Goodhart’s Law: Cobras, Bank Accounts & Unqualified Buyers
“Show me the incentive and I will show you the outcome.”— Charlie Munger
In a 1975 paper, British economist Charles Goodhart wrote, “Any observed statistical regularity will tend to collapse once pressure is placed upon it for control purposes.” This provided the genesis for Goodhart’s Law, which is commonly stated: When a measure becomes a target, it ceases to be a good measure. Anytime we use a number as a proxy for an outcome, we risk creating a host of unintended consequences. This appears to be especially true when it involves incentives.
When British Colonial officials offered a bounty to reduce the number of cobras in Dehli, it started out fine. Locals eliminated the deadly snakes faster than Rikki-Tikki-Tavi. Then something unexpected happened. Some enterprising people started breeding cobras to collect bounties. When the Brits figured this out, they ended the program. When the program ended, the cobra breeders released their vipers back into the wild. Then, déjà vu, they had a cobra problem again. Only worse than before!
A century later, the Wells Fargo banking company saw that opening new accounts correlated with profits and growth. They went all in on the metric. Branches that did well got bonuses and managers got promotions for creating accounts. Eventually motivated employees started gaming the system, opening over 1.5 million accounts without customer authorization. Can you spell “fraud”? The Consumer Financial Protection Bureau spelled it out to the tune of a $185 million fine.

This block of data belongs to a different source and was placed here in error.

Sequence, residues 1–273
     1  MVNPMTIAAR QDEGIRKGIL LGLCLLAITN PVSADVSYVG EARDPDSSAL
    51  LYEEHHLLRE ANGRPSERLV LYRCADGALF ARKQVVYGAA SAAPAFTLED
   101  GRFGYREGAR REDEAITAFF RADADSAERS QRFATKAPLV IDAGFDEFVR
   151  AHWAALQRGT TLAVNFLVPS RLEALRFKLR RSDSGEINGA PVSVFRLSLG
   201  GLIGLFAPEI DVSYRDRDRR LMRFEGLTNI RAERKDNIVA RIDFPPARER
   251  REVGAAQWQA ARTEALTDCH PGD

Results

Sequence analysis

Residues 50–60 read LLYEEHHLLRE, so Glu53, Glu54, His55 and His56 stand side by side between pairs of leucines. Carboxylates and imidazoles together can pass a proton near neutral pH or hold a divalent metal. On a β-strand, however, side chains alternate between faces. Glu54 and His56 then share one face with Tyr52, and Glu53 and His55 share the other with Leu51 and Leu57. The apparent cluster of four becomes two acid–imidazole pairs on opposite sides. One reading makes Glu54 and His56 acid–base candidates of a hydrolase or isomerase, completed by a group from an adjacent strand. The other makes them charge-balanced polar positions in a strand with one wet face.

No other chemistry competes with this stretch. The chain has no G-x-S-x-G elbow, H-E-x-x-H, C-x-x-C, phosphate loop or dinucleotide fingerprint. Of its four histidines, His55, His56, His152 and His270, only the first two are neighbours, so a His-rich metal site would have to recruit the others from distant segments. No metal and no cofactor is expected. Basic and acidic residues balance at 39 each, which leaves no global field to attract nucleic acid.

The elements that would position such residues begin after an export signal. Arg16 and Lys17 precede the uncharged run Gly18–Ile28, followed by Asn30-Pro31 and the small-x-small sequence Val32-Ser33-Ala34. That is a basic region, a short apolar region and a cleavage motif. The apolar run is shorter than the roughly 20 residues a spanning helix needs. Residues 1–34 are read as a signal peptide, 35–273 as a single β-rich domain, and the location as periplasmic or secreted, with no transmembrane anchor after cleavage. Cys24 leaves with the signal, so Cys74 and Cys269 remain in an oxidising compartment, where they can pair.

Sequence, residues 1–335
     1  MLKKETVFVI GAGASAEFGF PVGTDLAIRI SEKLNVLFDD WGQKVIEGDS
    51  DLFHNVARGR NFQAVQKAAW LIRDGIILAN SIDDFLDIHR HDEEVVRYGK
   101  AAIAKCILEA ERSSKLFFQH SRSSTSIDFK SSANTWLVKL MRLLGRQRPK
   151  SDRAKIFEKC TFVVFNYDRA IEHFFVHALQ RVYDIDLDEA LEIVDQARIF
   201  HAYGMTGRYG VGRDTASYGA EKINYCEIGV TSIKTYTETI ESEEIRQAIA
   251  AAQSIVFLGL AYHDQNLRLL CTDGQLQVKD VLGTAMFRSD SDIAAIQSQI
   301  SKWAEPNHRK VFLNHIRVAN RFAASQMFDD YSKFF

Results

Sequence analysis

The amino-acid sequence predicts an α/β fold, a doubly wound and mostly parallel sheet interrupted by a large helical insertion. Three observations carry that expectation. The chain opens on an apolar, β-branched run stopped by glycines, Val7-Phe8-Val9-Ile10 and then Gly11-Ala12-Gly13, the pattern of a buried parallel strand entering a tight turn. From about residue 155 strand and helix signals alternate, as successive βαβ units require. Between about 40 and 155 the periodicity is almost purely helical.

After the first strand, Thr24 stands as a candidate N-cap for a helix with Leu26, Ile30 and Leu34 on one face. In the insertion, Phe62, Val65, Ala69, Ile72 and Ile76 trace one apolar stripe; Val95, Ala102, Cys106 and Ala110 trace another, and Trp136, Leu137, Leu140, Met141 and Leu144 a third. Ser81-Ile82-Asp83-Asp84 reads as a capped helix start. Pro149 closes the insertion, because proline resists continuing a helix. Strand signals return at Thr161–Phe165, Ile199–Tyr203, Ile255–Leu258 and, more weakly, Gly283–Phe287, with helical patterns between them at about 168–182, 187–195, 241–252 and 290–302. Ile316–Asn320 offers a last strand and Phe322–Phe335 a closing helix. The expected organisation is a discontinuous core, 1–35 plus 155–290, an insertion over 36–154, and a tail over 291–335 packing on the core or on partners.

The most common place we see Goodhart’s Law in real estate is when agents create incentives around a leading indicator of profit such as appointments. When inside sales agents (ISAs) receive a financial reward for setting appointments, the percentage of signed buyer and seller agreements typically goes down. Suddenly agents are saying the appointments are a waste of time, while ISAs counter that agents lack sales skills. Sorting this is like mediating which kindergartner hit who first on the playground. Savvy can agents bypass this confusion by moving the incentives to the signed agreement, or better still, the closing.
Here is the takeaway: Be wary of marrying incentives to milestones that don’t yield profit. Listings under contract, listings on the market, and listings taken tend to correlate highly to future profit. Lead generation activities may be the foundation for everything, but they are too far upstream from the closing to reward financially. In the end, you may have to triangulate lead measures to create KPIs immune to Goodhart’s Law.
For The TwentyPercenter the goal is readership. Since I can’t beam into your offices and watch you open these newsletters with glee, I have to track progress in other ways. Subscriber rates alone can be gamed. When you focus too much on the “brag number” of total subscribers, you can end up with an unengaged list, get fined for spam, or worse—blacklisted from email providers. For this newsletter, I track subscriber numbers, open rates, and unsubscribes. Together they paint a fairly accurate picture of readership.
Finally, financial incentives aren’t the only trap. Social incentives can be just as worrisome. Agents focus on public metrics like volume, units, or GCI to the detriment of profit. “Plaques over profits” is a thing. I’ve interviewed more than one top producer who destroyed their P&L pursuing production awards. Stay focused on what really matters, and make sure that your incentives reflect your priorities.
One question to ponder in your thinking time: Are any of my key metrics sabotaging my progress?